pendicular magnetic field B is included via the Peierls

phase factor ai,j=2πe

h

is the vector potential in the Landau gauge. We note

that a perpendicular magnetic field even as large as 60 T

has little effect on DDW order.31

In this section we choose t = 0.29 eV, t′= 0.1 eV,

and W0= 0.065 eV. The chemical potential is set to be

µ = −0.28 eV. Note that these parameters are slightly

different from those in the previous section, although the

hole doping is again ∼ 10%. We have left out the third

nearest neighbor hopping, which greatly complicates the

transfer matrix calculation without offering any particu-

lar insight. The disorder intensity V0 = 0.4t leads to a

quasi-particle life time of the order of ∼ 10−12s in the

limit of lD= 0. The magnetic field ranges from B = 20 T

to B = 75 T, representative of the quantum oscillation

experiments. The only relevant length scale here is the

magnetic length lB =

??/eB, which for B = 20 T is

∼ 15a, a being lattice constant equal to 3.85˚ A.

Now consider a quasi-1D system, N ≫ M, with

a periodic boundary condition along y-direction.

Ψn = (ψn,1,ψn,2,...,ψn,M)Tbe the amplitudes on the

slice n for an eigenstate with a given energy E, then the

amplitudes on three successive slices satisfy the relation

To model correlated

re−|r|2/2l2

Dis a normalization

?i

jA · dl, where A = (0,−Bx,0)

Let

?Ψn+1

Ψn

?

=

?T−1

n(E − Hn) −T−1

1

nTn−1

0

??

Ψn

Ψn−1

?

(12)

,

where Hn is the Hamiltonian within the slice n, and

the matrix Tn corresponds to the hopping between the

slices n and n + 1. Tn is tridiagonal, as electrons can

hop from a site on slice n to three sites on the slice

n + 1. All postive Lyapunov exponents of the transfer

matrix,32γ1> γ2> ... > γM, are computed by iterating

Eq. (12) and performing orthonormalization regularly.

The convergence of this algorithm is guaranteed by the

well known Oseledec theorem.33For the above parame-

ters a transverse dimension corresponding to M = 40 is

sufficient. Equation (12) was iterated 105to 106times

until the relative errors of less than 1% of all the Lya-

punov exponents were achieved.

B. Computation of σxx

The conductivity σxxat zero temperature is obtained

from the Landauer formula:34,35,36

σxx(B) =e2

h

M

?

i=1

1

cosh2(Mγi). (13)

The SdH oscillations of σxx at zero temperature for

?

?

?

?

FIG. 5: Fourier transform of SdH oscillations at zero temper-

ature for lD = 0 in arbitrary units. Insert shows oscillations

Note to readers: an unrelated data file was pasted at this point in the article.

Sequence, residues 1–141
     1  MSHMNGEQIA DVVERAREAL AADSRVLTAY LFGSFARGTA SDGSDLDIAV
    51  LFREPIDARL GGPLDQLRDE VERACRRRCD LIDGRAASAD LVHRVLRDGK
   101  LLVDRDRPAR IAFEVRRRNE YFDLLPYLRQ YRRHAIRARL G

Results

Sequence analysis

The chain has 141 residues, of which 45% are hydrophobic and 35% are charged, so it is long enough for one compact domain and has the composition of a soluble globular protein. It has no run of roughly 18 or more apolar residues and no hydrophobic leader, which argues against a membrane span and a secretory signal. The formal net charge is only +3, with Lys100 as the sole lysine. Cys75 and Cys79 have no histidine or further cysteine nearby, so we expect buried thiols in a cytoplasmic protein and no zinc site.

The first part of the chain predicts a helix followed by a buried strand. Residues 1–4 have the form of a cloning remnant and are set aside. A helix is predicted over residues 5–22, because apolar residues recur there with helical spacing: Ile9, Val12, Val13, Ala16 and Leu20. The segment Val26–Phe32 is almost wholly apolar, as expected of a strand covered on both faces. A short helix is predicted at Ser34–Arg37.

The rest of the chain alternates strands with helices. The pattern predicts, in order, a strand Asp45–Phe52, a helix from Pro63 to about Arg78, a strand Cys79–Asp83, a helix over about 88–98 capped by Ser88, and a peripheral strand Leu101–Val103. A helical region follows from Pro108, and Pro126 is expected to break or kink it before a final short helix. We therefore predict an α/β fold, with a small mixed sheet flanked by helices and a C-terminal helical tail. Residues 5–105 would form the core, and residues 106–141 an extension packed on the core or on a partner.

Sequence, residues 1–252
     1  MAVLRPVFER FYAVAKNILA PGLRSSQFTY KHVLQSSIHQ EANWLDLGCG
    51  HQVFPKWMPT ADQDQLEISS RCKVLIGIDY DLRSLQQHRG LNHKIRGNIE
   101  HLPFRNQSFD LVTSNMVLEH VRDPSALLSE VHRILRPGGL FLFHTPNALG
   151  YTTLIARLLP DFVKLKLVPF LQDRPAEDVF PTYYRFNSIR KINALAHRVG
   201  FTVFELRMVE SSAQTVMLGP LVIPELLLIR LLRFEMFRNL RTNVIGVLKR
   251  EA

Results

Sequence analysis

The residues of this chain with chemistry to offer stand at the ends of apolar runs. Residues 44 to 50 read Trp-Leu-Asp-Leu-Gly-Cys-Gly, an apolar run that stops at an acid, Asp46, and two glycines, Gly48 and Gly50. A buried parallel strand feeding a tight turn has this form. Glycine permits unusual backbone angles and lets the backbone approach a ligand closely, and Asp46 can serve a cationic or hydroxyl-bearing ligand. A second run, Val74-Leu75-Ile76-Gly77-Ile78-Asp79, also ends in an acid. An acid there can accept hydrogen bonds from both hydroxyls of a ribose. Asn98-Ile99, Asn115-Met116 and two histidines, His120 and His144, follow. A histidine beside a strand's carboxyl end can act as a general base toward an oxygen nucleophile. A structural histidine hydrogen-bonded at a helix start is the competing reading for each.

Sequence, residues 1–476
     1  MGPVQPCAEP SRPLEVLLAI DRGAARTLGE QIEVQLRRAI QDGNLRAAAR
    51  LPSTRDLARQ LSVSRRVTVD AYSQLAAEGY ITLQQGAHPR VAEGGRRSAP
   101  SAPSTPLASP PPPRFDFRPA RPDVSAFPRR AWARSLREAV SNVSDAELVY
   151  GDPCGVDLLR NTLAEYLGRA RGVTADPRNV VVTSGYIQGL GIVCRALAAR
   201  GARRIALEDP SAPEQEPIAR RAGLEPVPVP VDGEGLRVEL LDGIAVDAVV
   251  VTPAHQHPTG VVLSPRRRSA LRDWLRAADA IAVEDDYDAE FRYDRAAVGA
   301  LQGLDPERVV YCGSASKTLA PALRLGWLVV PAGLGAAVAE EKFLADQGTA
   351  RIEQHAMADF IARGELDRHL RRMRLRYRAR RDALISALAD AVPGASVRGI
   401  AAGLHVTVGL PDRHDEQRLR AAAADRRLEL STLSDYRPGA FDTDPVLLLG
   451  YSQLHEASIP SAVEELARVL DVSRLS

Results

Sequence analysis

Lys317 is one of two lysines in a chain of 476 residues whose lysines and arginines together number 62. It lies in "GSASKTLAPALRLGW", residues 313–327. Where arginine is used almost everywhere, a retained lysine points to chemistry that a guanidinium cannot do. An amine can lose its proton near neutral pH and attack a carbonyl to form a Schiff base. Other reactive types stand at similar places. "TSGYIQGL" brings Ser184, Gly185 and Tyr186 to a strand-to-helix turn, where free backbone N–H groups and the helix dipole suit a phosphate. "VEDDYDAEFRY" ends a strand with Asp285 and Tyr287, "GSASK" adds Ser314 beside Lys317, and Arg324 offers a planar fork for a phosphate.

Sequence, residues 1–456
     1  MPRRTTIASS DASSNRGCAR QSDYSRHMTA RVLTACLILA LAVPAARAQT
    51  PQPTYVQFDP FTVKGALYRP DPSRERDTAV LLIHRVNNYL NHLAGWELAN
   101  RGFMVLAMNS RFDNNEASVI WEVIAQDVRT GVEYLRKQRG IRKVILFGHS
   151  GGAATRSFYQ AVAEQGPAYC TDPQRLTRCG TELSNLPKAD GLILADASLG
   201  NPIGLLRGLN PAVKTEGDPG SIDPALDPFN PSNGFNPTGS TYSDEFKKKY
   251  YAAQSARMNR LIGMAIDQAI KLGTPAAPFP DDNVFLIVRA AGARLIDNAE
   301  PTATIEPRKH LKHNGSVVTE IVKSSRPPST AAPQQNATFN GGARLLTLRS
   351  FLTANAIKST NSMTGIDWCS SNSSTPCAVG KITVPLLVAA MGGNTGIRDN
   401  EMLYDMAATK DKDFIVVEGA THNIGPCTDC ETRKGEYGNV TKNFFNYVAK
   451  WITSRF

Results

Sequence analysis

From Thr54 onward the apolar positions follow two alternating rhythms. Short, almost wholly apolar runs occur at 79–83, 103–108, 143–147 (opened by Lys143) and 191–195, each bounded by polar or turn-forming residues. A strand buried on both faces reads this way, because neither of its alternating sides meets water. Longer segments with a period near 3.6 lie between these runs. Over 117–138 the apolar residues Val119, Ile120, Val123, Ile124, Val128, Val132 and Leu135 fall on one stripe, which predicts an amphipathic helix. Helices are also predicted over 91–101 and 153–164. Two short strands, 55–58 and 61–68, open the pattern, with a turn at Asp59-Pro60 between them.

as a function of the inverse magnetic field. Note the presence

of higher harmonics. The parameters are described in the

text.

lD= 0 is shown in the insert of Fig. 5. A third order poly-

nomial was used to subtract the background. The Fourier

transform is shown in the main panel of Fig. 5 . Clearly,

there are two main oscillation frequencies F1= 490±30T

and F2= 915 ± 40T, corresponding to electron and hole

pockets respectively, although a few harmonics are also

visible. Though the first peak at F1agrees with experi-

mental observations, the second peak at F2has not yet

been observed.

For correlated disorder, the Fourier transform of σxxis

plotted in Fig. 6. In all the cases, two main frequencies of

F1∼ 500T and F2∼ 900T are prominent. As for A(k,ω),

an increase of lDincreases the amplitudes of F1and F2,

because the effective disorder becomes weaker with the

increased correlation length. Also the higher harmonics

are more visible. There is, however, a sharp distinction

between the dependence of the two physical quantities,

which becomes clear when we consider the white noise

case: A(k,ω) is completely smeared out in the momen-

tum space because white noise scatters between all pos-

sible wave vectors; see Fig. 2 (a). The coherence factors

are of crucial importance for the spectral function. In

contrast, the SdH oscillations are damped by the Dingle

factor, which is parametrized by a single lifetime and dis-

order enters in an averaged sense. This striking contrast

is clear in Fig. 5. The surprise is that impurity scatter-

ing affects the electron pocket more than the hole pocket,

which is remarkably robust even for white noise. There

must be a piece of physics missing, if we are to explain

why the hole pocket is not observed in SdH. This miss-

ing physics we argue is the vortex scattering rate which

affects the two pockets very differently.

IV.VORTEX SCATTERING RATE IN THE

MIXED STATE

We have shown previously9that the scattering rate of

the DDW quasiparticles, corresponding to the electron